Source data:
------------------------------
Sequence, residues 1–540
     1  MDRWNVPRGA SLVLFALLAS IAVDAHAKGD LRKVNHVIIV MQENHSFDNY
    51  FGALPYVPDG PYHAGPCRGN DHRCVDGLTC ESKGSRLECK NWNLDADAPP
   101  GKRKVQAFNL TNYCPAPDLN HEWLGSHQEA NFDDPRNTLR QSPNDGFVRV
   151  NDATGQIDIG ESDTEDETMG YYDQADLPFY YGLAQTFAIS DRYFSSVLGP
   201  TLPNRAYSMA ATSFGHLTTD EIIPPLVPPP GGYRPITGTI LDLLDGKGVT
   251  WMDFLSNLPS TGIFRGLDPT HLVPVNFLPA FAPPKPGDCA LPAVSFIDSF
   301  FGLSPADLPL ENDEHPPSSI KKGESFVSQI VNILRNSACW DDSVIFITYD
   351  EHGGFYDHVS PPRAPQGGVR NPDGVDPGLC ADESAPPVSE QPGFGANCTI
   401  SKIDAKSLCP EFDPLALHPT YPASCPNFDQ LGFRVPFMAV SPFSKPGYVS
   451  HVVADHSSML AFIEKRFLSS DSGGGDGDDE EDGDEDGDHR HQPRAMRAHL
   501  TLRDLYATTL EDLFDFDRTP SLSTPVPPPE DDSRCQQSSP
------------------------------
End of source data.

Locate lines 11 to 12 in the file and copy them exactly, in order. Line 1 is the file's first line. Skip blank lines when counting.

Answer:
   451  HVVADHSSML AFIEKRFLSS DSGGGDGDDE EDGDEDGDHR HQPRAMRAHL
   501  TLRDLYATTL EDLFDFDRTP SLSTPVPPPE DDSRCQQSSP